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Pak eyes deadly Chinese armour, awaits AWACS

Last updated on: November 19, 2010 08:25 IST

Pak eyes deadly Chinese armour, awaits AWACS

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Pakistan is interested in buying more defence systems and equipment from China, and hopes to deepen cooperation to upgrade its armed forces, a top Pakistan Air Force officer has said.

Pakistan is evaluating, among other options, three or four Chinese surface-to-air missiles, including the advanced 'HQ-18', Air Chief Marshal Rao Qamar Suleman told China Daily.

Jane's Defence News, a publication that specialises in military topics, reported that China was building the Hong Qi-18 (HQ-18) missile system based on the Russian S-300V1 type 2 (SA-12A 'Gladiator'), presumably under a license agreement. But this has not been confirmed by the Chinese military, the paper added.

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The missiles, with a maximum range of 100 km, can be used against short-range ballistic missiles, aircraft or cruise missiles, with intercepts taking place between a low-level 25 meters and an altitude of 25 kilometers, according to Jane's.

Suleman also said that China had completed the first of four Chinese ZDK-03 airborne warning and control system (AWACS) aircraft for the Pakistan Air Force on November 13.

'The delivery to Pakistan will start in the early part of next year,' said Suleman, who is also Pakistan Air Force's Chief of Air Staff.

He said that the Pakistan Air Force was also looking at the option of purchasing Chinese engines, though any final decision will depend on the engines' quality.



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Suleman brought FC-1 (Fighter China-1) Xiaolong aircraft, an improved version of China's new generation fighter jet co-developed with Pakistan, to the China International Aviation and Aerospace Exhibition in Zhuhai.

Military research and development cooperation with China will continue not only in aircraft production, but 'in other areas' as well, he maintained.

The Pakistan Air Force is increasing production docks for the FC-1 (named the JF-17 Thunder in Pakistan) from four to six, and is aiming to have about 25 aircraft assembled by the end of the year, the paper said.

'It is on a very fast track, and there is no other fighter aircraft anywhere in the world,' which has been produced so quickly, pointed out Suleman.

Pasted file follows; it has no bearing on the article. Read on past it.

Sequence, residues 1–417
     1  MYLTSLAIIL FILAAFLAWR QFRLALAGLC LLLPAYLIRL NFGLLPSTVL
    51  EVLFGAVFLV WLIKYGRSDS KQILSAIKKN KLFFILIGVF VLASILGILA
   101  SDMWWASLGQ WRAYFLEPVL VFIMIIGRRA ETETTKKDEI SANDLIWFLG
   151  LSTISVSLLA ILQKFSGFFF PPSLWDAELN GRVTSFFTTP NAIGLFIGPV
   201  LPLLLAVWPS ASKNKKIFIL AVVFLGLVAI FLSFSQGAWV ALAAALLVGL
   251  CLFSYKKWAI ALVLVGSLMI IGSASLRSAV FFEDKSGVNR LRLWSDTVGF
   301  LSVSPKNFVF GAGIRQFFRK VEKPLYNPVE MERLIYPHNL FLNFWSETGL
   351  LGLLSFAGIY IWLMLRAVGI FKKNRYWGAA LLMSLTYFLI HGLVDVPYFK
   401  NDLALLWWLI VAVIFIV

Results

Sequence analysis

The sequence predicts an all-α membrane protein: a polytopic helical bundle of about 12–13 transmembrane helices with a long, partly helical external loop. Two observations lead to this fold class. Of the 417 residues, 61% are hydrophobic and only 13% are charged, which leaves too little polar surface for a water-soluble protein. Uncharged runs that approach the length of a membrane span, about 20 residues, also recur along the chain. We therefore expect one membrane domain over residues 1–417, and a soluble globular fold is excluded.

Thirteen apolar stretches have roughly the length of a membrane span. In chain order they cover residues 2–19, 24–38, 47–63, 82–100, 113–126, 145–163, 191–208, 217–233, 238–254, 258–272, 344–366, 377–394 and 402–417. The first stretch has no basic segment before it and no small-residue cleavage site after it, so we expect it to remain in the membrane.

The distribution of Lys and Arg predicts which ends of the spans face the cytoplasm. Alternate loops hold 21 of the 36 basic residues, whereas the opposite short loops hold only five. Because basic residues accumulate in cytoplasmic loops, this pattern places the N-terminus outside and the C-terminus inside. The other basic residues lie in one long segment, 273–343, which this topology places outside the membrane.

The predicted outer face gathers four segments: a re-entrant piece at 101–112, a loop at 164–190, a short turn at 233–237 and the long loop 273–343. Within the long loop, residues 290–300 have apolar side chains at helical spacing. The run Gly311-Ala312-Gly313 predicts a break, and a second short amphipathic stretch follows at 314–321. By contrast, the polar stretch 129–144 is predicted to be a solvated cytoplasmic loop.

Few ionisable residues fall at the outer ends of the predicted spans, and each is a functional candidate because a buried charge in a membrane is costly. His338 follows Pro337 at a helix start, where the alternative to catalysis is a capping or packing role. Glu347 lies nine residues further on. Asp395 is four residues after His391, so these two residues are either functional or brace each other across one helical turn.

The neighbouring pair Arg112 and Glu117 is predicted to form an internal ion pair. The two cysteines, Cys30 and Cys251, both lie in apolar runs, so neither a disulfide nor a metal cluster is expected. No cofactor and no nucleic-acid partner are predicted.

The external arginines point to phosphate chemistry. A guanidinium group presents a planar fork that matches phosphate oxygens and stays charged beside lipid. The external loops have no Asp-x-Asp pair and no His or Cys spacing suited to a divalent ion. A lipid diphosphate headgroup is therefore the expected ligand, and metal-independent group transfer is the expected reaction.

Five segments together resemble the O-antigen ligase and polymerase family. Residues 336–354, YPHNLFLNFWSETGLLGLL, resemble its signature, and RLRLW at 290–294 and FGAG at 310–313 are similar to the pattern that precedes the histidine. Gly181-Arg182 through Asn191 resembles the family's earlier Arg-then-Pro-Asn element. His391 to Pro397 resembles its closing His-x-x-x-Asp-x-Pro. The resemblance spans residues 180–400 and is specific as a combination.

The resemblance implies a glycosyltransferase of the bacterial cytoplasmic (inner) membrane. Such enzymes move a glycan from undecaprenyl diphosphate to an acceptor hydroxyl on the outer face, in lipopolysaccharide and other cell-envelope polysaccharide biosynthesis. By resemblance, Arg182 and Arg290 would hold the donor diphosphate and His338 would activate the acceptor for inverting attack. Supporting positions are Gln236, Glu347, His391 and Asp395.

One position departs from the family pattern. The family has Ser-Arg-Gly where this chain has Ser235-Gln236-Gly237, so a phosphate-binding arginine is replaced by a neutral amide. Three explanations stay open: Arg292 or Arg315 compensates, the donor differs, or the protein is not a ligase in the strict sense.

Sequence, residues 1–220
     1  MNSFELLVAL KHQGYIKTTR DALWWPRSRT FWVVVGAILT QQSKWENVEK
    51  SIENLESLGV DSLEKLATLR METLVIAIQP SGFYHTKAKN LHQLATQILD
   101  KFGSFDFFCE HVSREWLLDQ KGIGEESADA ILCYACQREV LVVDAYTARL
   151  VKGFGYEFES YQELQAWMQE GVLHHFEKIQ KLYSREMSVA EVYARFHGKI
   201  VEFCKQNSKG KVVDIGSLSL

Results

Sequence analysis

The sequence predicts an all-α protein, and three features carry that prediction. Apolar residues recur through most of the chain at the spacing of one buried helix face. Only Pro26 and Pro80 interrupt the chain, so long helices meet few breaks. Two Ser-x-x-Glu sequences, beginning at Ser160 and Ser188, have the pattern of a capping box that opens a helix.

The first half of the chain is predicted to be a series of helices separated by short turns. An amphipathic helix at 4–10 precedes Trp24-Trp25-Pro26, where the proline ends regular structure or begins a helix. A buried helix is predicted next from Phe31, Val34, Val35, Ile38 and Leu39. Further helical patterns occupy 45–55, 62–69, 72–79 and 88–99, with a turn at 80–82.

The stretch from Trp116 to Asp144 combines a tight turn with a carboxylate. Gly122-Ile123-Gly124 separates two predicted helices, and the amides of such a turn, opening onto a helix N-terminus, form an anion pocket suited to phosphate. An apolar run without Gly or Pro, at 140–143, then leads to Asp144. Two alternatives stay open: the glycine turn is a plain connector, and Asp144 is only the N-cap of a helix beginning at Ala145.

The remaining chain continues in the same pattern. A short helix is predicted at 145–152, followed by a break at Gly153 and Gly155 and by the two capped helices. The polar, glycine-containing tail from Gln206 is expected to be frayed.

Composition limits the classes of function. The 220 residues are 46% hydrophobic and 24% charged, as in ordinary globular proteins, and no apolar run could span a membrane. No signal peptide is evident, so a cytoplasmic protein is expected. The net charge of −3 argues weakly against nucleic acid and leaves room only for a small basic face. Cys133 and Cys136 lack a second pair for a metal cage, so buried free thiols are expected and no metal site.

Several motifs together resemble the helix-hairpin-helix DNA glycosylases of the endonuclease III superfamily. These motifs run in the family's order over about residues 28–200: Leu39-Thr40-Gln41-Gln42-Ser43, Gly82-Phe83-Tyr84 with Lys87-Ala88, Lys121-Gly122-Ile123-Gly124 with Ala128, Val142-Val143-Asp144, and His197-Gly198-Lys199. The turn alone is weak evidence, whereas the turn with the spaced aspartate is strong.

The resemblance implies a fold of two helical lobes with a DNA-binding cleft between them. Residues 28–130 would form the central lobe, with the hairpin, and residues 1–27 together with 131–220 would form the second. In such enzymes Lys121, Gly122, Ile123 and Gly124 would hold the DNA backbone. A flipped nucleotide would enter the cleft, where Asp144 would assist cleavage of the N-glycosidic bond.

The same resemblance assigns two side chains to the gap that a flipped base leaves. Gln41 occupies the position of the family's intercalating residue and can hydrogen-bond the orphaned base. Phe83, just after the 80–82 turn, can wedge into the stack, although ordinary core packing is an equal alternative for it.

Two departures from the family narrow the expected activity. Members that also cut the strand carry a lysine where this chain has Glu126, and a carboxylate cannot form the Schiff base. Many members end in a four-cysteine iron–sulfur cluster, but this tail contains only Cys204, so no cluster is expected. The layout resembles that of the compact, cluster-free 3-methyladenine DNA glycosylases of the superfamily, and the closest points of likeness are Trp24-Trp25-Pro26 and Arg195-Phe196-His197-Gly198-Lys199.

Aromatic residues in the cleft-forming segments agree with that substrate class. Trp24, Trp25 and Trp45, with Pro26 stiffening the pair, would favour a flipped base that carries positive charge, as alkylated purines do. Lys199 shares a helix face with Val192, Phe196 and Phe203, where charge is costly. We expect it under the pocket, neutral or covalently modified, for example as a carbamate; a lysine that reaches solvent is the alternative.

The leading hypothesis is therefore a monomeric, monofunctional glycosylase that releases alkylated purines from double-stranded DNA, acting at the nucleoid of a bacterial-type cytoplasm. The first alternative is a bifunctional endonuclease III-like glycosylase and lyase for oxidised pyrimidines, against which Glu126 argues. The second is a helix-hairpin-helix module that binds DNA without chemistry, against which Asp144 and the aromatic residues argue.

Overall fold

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China and Pakistan have traditionally had close military relations, and Suleman said that bringing the FC-1 Xiaolong aircraft to Zhuhai was to display 'solidarity with China' and 'to show to the world that we have a tremendous amount of respect and love for our Chinese friends'.

Commenting on cooperation in military research and development, he said China and Pakistan 'will continue working together.

There is no shortage of trust and no shortage of will. There will be more projects developed successfully.'

Meanwhile, Chinese experts noted that the envisaged cooperation, however, does not target any country, and is 'tiny' in scale compared to huge defence deals signed by US President Barack Obama in India earlier this month.





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Beijing-based military strategist Peng Guangqian said that Beijing's weapons deal with Islamabad had almost no effect on the balance of military power between Pakistan and India, especially given the multi-billion dollar defence deals signed between the United States and India during Obama's visit.

The China-Pakistan deals should not be a cause of alarm for other countries, he said, referring to the foreign media reports that the FC-1 was a concern for the Indian Air Force.

Sun Shihai, director of the Centre for South Asian Studies under the Chinese Academy of Social Sciences, added that Obama also promised India that the US would give it easier access to high-tech equipment for both civilian and military use.

Despite the huge gap between the Pakistani and Indian military forces, especially in terms of conventional weapons, the situation in the region is basically balanced given the fact that both countries have nuclear weapons, he said.



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